Three Most Common Ways to Finance Broadband Networks

Broadband Network

The business of building a broadband network is expensive. As an expert yourself, you know that every decision you make, from designing to staking, comes with balancing up-front costs and forecasted future revenue. By thoroughly planning your next build, including estimates of capital and maintenance expenditures, you and other stakeholders can make an informed decision on whether to seek funding sources outside your organization. There are a number of options for financing a broadband network, from federal funding, to state and regional economic development funds, to private investments. Here are the most common sources:

Federal Funding

There are 14 federal agencies with 57 broadband programs that offer billions of dollars in grants, loans, and other incentives for broadband projects.  Most of them focus on helping rural and underserved urban communities get access to high-speed internet. The Federal Communications Commission (FCC)’s and the US Department of Agriculture (USDA)’s programs are the largest and include well-known funding opportunities, such as the Rural Digital Opportunity Fund (FCC) and ReConnect (USDA). In addition, as part of the CARES Act, FCC’s Connected Care Pilot Program will allocate up to $100 million from the Universal Service Fund (USF) over a three-year period. A comprehensive list of available federal funding sources can be found on the BroadbandUSA website.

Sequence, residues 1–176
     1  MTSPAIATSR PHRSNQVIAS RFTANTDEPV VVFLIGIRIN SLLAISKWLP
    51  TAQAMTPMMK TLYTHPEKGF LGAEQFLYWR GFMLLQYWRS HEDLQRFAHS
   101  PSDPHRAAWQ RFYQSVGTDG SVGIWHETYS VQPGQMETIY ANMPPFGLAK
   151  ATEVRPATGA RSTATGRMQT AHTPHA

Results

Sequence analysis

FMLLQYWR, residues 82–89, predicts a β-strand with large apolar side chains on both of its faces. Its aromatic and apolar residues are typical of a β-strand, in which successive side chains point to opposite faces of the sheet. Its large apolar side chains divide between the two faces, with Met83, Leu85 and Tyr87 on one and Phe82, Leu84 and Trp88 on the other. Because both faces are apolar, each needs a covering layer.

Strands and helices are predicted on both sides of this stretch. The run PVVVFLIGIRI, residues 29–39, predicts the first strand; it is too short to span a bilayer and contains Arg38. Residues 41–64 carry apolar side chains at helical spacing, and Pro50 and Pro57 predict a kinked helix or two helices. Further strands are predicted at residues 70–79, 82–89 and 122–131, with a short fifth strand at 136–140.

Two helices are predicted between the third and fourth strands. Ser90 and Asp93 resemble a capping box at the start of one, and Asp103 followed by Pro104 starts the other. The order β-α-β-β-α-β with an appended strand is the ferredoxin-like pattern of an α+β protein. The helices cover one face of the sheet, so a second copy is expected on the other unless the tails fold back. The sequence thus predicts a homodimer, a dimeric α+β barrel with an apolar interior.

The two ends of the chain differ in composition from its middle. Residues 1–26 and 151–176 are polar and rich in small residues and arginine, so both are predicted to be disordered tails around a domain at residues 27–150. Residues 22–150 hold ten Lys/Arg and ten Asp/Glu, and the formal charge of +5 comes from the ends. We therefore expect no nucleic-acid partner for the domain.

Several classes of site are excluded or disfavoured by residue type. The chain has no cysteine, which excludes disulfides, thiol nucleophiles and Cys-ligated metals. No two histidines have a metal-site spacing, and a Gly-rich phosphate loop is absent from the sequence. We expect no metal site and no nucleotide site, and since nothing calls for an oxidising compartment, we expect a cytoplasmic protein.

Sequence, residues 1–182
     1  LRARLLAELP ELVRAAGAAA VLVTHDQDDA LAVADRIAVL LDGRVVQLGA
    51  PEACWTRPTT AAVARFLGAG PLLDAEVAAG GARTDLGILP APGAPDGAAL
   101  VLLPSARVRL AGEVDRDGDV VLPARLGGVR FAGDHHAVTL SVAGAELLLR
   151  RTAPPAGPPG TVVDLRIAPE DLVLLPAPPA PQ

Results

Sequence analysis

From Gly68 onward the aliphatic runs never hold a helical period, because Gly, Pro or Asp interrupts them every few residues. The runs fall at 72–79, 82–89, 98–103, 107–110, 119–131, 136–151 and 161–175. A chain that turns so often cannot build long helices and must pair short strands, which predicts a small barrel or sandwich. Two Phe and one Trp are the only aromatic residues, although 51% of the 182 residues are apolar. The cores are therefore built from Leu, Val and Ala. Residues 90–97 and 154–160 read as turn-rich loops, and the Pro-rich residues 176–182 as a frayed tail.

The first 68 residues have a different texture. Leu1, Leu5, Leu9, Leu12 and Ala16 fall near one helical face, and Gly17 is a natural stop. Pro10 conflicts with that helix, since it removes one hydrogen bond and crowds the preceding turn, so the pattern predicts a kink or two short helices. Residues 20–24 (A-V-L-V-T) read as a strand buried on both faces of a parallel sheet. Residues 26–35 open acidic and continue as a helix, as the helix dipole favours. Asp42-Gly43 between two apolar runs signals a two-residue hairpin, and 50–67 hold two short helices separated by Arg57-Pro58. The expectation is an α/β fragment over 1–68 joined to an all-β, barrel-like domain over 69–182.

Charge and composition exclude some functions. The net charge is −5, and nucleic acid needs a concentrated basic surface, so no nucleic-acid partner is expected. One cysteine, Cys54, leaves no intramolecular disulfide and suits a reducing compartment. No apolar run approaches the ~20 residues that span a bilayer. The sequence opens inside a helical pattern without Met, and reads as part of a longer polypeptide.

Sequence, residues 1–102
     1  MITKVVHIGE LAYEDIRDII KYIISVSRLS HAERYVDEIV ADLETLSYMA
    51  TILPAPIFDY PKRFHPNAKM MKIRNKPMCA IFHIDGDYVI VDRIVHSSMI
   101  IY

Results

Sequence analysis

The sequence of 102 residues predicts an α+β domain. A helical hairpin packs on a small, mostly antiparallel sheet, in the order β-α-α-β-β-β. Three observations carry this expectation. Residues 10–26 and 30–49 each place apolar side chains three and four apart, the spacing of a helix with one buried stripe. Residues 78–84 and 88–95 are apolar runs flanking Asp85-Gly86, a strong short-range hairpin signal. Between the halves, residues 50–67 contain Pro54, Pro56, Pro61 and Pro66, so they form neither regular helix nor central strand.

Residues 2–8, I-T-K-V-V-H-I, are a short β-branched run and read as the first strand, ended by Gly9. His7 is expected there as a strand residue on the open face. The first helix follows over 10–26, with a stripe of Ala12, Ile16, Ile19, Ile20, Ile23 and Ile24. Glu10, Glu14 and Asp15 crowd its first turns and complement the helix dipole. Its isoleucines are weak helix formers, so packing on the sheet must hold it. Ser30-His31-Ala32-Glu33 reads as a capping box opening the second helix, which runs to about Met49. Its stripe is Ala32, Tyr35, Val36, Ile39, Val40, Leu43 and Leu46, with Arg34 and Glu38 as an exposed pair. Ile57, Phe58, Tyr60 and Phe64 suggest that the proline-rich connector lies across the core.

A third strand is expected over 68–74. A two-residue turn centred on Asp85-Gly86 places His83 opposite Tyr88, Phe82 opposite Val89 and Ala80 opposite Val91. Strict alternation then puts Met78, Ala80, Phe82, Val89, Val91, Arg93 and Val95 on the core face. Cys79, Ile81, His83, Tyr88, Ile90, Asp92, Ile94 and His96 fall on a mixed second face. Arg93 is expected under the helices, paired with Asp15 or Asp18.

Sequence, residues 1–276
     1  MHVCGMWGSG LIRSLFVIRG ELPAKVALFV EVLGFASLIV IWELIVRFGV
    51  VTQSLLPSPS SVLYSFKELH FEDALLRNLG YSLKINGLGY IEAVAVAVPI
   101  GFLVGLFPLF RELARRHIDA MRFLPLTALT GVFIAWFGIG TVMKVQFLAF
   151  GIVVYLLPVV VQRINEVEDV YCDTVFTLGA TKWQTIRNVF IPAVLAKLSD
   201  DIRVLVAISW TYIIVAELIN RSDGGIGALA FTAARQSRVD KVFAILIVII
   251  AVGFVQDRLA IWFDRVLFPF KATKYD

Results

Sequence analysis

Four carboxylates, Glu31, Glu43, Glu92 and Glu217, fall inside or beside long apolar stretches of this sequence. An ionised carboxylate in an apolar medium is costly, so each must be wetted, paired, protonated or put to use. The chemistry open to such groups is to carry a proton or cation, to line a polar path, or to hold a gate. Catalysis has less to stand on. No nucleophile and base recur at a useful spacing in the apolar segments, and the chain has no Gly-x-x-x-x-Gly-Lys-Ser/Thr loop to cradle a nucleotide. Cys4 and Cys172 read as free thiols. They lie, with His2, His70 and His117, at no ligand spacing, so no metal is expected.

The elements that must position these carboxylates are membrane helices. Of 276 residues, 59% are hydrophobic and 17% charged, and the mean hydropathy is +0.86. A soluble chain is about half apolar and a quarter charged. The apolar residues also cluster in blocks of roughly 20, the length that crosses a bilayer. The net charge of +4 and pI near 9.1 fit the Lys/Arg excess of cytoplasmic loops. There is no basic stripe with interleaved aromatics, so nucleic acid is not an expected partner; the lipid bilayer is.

Public Leasing

Public leasing allows entities to lease access to build a broadband network in areas where they may not be able to afford to fund the entire network themselves. Dark fiber networks, where extra fiber capacity is laid, are a popular and viable option. They represent a good opportunity for private entities to raise additional capital by renting or leasing excess capacity. This can help cut down on some capital and operational expenses. Recent examples of public leasing agreements and investments include: 

Private Equity

Private equity (PE) funding is composed of funds and investors that directly invest in private companies. Typically boasting high profit margins, PE investors often consider fiber-based networks to be an attractive opportunity. When evaluating an investment option for broadband projects, most investors look at the following: quality of the existing network, market opportunities with potential for growth, solid business plan, low churn rates, and financial growth with positive EBITDA, among others.  Some examples of private-equity investors with recent investments into fiber networks include: 

Making a decision on how to finance your broadband project is a critical step in the process of planning your next build. If you have questions about planning or managing your fiber, copper, or coax networks,